US-Vietnam DDGS deal sees corn exports enjoy silver lining boost

23 Feb 2018 | Tim Worledge

An influx of US corn exports to Vietnam is the by-product of a DDGS deal thrashed out between the two countries in November 2017, and could see Vietnam re-emerge as a regular export destination for US corn.

The country has picked up a number of panamax-sized cargoes in recent weeks for delivery through March and April, according to market sources, with some of the buying driven by US corn being the cheapest origin globally.

But a change to the regulations around fumigation has also enabled US corn to access a market that has not seen regular export flows in recent months, with the country importing around 350,000 mt of corn from Argentina every month, according to market sources.

“The big thing with Vietnam has always been the fumigation method. Vietnam used to require methyl bromide as fumigant,” a US-based broker told Agricensus.

Methyl bromide (MB) is banned in many parts of the world, with the US tending to use phosphine for fumigation.

“We are seeing an increase in the number of enquiries from Vietnam,” one market source said, with a second seeing the buying interest now extending into June – typically when South American harvests should be competing.

Silver lining

The US Grains Council was a key stakeholder in working with Vietnam to solve a problem that originally arose with the suspension of US exports of dried distillers’ grains into the country.

This time, US agriculture seems to have benefited from the unintended consequence of this initiative, with both corn and wheat exports likely to benefit from the work.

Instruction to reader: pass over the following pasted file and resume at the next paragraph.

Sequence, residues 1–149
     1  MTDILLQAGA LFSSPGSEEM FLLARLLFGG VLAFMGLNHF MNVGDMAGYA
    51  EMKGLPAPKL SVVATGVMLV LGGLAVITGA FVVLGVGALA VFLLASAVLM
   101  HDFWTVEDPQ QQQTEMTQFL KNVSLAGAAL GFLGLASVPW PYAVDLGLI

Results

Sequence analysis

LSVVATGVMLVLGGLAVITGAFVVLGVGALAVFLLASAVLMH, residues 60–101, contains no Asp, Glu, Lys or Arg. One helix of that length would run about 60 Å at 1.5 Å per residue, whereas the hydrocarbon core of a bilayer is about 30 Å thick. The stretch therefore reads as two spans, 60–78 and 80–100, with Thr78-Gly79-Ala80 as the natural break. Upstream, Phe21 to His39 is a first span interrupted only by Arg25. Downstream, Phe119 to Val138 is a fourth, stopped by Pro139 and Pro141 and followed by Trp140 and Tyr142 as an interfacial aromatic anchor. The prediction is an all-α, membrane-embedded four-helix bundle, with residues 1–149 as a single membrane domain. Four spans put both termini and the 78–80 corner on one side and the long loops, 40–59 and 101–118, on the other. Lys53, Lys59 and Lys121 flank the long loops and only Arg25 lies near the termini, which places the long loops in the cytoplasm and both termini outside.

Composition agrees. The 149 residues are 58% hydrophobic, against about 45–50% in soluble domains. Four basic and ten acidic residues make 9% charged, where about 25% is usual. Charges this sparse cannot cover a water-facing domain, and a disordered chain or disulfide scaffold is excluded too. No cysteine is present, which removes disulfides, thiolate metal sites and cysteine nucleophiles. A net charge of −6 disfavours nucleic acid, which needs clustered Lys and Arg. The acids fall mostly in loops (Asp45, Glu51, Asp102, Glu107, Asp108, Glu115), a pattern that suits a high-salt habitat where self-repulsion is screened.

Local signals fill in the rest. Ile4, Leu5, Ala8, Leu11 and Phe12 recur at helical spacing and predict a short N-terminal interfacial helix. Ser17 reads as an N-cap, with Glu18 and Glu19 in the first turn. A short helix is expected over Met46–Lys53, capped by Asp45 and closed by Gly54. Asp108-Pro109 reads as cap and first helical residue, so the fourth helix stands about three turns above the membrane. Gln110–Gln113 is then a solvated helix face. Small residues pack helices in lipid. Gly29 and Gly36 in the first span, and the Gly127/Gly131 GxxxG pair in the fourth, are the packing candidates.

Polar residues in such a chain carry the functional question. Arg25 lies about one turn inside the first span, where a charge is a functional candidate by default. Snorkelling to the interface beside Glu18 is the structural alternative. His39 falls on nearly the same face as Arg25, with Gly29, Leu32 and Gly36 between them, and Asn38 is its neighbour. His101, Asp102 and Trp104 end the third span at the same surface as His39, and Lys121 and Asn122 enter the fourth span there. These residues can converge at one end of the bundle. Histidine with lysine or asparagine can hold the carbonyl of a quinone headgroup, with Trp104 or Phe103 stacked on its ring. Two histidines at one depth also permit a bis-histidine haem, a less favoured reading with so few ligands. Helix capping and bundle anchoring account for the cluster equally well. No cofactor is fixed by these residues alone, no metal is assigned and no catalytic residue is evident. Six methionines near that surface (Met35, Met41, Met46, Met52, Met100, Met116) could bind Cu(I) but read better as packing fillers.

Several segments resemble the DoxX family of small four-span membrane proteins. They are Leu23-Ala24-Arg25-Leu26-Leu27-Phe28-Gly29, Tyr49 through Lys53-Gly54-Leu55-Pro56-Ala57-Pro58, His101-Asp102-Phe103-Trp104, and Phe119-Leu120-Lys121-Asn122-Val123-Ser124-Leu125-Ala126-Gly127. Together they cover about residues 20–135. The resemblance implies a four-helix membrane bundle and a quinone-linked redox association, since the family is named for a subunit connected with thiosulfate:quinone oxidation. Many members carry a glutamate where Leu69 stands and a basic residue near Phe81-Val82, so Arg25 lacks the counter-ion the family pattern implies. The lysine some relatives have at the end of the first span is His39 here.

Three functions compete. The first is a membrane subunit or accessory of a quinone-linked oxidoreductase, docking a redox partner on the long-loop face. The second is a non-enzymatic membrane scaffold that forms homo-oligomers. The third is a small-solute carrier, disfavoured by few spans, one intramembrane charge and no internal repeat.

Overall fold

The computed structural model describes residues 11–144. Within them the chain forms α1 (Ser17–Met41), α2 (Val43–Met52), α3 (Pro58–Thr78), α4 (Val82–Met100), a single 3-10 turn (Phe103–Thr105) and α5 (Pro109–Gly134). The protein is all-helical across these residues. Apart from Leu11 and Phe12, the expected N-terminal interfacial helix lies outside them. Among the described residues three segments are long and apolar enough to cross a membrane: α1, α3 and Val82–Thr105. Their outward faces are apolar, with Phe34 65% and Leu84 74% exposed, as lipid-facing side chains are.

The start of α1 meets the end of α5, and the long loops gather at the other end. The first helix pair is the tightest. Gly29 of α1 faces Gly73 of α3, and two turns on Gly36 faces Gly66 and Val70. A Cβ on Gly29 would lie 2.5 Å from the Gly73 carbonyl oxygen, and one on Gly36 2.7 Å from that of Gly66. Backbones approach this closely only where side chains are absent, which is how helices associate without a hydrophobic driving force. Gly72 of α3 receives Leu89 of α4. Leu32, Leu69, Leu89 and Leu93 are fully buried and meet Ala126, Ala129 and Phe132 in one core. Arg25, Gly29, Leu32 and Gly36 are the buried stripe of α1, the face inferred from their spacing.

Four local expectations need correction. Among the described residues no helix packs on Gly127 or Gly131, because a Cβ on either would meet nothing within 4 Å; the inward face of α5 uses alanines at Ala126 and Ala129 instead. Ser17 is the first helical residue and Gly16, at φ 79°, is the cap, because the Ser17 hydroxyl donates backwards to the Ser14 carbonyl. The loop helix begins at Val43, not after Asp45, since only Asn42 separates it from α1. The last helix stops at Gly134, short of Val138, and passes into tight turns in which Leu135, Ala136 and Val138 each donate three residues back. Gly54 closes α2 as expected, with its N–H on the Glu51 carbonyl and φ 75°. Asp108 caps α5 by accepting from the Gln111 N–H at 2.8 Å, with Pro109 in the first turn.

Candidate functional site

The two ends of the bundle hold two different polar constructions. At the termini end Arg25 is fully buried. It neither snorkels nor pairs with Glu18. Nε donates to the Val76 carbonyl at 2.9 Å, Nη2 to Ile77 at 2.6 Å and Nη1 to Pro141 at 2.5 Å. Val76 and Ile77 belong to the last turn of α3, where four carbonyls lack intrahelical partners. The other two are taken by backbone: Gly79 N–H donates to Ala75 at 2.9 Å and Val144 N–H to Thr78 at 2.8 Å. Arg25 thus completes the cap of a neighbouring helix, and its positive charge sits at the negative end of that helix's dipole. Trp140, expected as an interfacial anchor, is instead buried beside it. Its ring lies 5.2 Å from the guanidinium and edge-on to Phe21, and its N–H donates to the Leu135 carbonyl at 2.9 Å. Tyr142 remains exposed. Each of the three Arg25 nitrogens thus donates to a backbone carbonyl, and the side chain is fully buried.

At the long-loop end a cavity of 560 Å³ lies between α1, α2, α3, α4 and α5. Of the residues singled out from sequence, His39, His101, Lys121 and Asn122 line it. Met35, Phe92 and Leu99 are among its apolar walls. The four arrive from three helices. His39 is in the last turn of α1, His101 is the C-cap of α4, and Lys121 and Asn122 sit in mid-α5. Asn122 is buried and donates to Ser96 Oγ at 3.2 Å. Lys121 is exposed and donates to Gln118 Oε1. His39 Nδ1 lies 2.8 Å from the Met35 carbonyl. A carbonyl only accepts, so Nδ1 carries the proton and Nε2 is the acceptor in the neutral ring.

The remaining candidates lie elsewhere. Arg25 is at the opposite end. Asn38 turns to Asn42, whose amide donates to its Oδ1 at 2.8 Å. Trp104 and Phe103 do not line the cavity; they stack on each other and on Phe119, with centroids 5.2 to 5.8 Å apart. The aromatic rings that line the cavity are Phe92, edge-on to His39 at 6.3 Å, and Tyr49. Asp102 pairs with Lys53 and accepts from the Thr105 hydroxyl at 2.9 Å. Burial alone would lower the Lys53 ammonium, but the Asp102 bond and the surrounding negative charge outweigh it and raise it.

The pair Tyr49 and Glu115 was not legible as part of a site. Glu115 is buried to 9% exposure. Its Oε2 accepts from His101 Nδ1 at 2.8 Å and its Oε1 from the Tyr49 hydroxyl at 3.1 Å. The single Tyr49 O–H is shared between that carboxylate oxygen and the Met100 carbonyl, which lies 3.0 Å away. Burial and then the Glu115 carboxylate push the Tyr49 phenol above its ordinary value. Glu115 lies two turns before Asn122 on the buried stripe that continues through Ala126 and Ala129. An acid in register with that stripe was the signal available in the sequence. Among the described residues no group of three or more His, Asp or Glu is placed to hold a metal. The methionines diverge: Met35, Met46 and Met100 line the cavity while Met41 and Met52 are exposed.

“The recent influx of both US corn and wheat into the Vietnamese market was in part a by-product of the original efforts put forward by the Council staff last year,” the US Grains Council’s Southeast Asia director, Manual Sanchez, told Agricensus via email.

As part of the efforts to address the Vietnamese DDGS ban, the Council also worked to remove the MB fumigation directives.

“This cost-prohibitive fumigation policy was put in place by Vietnam’s PPD [Plant Protection Department] at the same time US DDGS were suspended,” Sanchez explained.

While US corn could still be imported into Vietnam, it was subject to additional fumigation costs that that amounted to $5-$10/mt, Sanchez estimated, with the cost typically borne by the buyer.

“We witnessed a dramatic drop in imports during the 8-month period in 2017,” Sanchez said.

As Vietnam demurred on US exports, Argentina has ramped up its efforts with 830,000 mt exported to the country in August 2016, an eight-fold increase on the same month of 2015.

Through 2017, total exports from Argentina into Vietnam amounted to 4.2 million mt, according to data from Argentina’s agriculture ministry – with the US weekly export sales report showing no corn shipments for Vietnam at any time in 2017, and only a handful of wheat references.

However, from the report for the week of December 29-January 4, Vietnam is listed as taking 60,000 mt in corn export sales with a further three listings through to February 8.

These took export sales and optional origin sales to Vietnam to 241,000 mt – with 60,000 mt drawn from the 2018/19 marketing year.

DDGS dispute

The original dispute arose from the discovery of quarantine pests in US DDGS exports which lead to the Vietnamese government introducing a suspension of DDGS imports from October 2016.

As part of that response, the Vietnamese government also imposed new fumigation requirements which hit US corn and wheat imports.

The US Grains Council, along with the US government, worked closely with Vietnamese officials to address concerns, with the Vietnamese officials announcing in September 2017 that it would remove the suspension on DDGS.